Contributed by Guest Blogger of the week Amanda Feldman.
I remember when I discovered there was an indie theatre community. I had been the Managing Director of CollaborationTown for over a year, when I went to my first Community Dish Meeting. I remember being so excited to discover that I was not in it alone. It opened up new possibilities to me… cross marketing opportunities, producing advice, and most importantly an opportunity to get to know other theatre artists. I hate to think that there are young artists out there today who do not know the support networks that are available to them.
I think the tricky thing about nurturing an Indie theatre community, is that we are so diverse. I know it’s been said on this blog before but sometimes it’s hard to identify us - we can’t be categorized by aesthetic, a geographic location, kind of theatre, or anything aside from an Equity code that we all love to hate. Its difficult for veteran indie theatre artists who have been producing for ten plus years to put themselves in a category with young upstarts who just got their BAs and have come to NYC to put on a show, but I do not think our community gains anything from exclusivity. After all we were all once that young theatre artist. Plus measuring us by the quality of our art is counterproductive because we have all had shows that were varying degrees of success. And it’s true that not all Indie theatre is “good,” but all indie theatre artists are striving for recognition, audience, and, I believe, the support of a community.
The other challenge to fostering the Indie theatre community is that for most of us, Indie theater is not our only gig. Whether you are a waiter or have a “day job” chances are your theater company isn’t paying the bills and therefore you are much busier than everyone else you know because in essence you have two jobs. I remember thinking how great it would be to create a branding campaign on behalf of Indie theatre (and personally I think we made a huge stride when we shifted from Off-Off-Broadway to Indie Theatre, but I know not everyone agrees with me). At one point in time I had visions of doing this massive fundraising campaign to get young finance executives to donate to peer theatre artists, but then the finance system went to pot.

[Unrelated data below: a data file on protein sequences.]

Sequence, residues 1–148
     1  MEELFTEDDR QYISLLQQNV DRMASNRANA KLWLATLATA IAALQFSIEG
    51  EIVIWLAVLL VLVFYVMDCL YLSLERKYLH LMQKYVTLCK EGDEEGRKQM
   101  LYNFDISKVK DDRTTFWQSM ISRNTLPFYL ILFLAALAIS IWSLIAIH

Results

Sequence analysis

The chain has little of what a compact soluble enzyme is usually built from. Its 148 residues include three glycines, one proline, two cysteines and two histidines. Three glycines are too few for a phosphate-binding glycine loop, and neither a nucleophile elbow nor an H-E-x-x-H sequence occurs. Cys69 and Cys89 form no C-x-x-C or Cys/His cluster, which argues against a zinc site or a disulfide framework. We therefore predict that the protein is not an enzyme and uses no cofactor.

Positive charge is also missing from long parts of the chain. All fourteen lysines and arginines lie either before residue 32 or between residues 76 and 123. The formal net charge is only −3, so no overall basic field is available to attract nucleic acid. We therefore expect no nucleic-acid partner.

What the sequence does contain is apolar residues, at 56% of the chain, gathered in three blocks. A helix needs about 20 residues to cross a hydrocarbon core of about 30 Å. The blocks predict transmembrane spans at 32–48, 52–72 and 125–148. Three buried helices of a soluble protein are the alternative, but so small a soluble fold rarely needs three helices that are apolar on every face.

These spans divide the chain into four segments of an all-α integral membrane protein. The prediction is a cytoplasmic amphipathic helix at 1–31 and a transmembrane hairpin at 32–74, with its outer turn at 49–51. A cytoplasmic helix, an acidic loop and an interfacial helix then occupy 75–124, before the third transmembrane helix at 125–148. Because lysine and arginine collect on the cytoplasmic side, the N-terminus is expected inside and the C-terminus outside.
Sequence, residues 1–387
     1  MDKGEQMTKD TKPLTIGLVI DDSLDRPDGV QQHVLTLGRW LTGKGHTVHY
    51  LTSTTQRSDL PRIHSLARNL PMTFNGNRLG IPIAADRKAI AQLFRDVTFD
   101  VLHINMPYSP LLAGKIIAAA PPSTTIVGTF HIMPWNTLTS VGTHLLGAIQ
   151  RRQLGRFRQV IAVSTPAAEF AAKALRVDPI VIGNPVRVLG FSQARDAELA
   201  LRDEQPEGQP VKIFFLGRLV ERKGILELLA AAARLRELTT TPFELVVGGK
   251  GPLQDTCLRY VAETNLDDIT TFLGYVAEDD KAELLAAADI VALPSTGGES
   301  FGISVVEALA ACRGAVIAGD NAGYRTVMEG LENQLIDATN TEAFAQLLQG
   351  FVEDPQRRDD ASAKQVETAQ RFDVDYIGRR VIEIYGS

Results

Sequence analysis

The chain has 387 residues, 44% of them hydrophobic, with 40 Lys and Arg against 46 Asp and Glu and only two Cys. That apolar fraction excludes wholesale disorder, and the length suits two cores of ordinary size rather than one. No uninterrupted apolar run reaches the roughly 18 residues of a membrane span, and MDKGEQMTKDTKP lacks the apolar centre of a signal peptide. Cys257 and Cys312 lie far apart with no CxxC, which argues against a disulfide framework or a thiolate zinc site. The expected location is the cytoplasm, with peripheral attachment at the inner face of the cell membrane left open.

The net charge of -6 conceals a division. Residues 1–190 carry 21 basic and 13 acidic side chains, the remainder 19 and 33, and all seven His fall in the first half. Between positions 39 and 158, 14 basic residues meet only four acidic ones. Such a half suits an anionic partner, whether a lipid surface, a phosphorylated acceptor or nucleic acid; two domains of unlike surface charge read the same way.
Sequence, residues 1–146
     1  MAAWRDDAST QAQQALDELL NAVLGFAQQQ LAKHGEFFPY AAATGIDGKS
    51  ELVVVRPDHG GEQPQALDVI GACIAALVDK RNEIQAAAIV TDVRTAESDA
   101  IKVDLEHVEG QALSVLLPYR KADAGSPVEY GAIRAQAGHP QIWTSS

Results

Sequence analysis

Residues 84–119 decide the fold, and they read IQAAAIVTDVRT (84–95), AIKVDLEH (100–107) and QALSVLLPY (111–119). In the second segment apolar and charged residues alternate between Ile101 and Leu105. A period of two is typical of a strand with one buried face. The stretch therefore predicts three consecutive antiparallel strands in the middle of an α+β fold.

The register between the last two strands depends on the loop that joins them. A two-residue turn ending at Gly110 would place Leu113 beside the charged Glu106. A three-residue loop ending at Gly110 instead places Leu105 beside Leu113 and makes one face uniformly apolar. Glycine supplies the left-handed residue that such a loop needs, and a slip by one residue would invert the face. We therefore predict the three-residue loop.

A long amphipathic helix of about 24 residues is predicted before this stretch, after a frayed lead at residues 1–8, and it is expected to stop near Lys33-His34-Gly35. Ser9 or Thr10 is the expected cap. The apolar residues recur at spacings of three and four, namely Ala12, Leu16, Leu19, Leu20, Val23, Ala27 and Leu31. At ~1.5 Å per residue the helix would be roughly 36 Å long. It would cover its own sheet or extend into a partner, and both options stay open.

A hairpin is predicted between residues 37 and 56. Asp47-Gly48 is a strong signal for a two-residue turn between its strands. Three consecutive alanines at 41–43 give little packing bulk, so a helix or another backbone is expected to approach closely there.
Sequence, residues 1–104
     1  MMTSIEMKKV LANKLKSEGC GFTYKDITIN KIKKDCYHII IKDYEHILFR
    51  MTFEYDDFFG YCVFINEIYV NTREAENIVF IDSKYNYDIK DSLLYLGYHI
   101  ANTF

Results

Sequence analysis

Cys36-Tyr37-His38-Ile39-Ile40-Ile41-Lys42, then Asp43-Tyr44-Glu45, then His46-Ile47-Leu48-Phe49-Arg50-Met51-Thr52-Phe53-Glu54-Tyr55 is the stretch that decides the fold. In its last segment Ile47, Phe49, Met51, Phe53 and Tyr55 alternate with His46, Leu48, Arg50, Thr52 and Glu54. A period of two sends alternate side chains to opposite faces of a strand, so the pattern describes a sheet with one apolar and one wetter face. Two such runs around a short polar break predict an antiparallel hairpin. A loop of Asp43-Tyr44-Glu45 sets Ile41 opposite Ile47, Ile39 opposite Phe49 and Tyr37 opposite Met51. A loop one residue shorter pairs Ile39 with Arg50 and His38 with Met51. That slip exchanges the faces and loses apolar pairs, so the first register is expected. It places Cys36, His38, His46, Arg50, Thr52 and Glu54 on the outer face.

None of this happened mainly because we were all too busy, but other things did happen and I’m proud of where we have come as a community. Great organizations were created such as the Community Dish, the New York Innovative Theatre Foundation, and the League of Independent Theatres, New York. For the past three years we played an active role in Free Night of Theatre and for the past two summers we have celebrated Indie Theatre Week.
At the moment, I can tell you’re feeling inspired and want to do something. So here are five easy things everyone can pledge to do today:
1) See at least twelve Indie Theatre shows this year… I don’t think once a month is asking too much.
2) Read the blogs of Indie Theatre artists, there are a lot of them to choose from but they are always insightful and fun. Although if you’re reading this, I know that perhaps I’m preaching to the choir.
3) Join the Community Dish and go to at least three meetings a year. Our next meeting is Monday, November 8th and we’re teaming up with Incubator Arts and the League of Independent Theatre, New York so it should be a nice big meeting. www.communitydish.org
4) Join the League of Independent Theatre, New York because they will take your concerns to Equity, to the Mayors Office, to Albany, and to the real estate world.
5) If you can afford it make few donations to theatre companies you admire, DO IT.
Back in 2006, I had to step down as Managing Director of CollaborationTown because I couldn’t do that and be paid to company manage an Off Broadway show at the same time. Thus I became unhitched and for a while that was scary. My place in the Indie theatre world felt less defined, but thanks to my active participation in the community I never felt lost or alone and now happily produce for various theatre companies.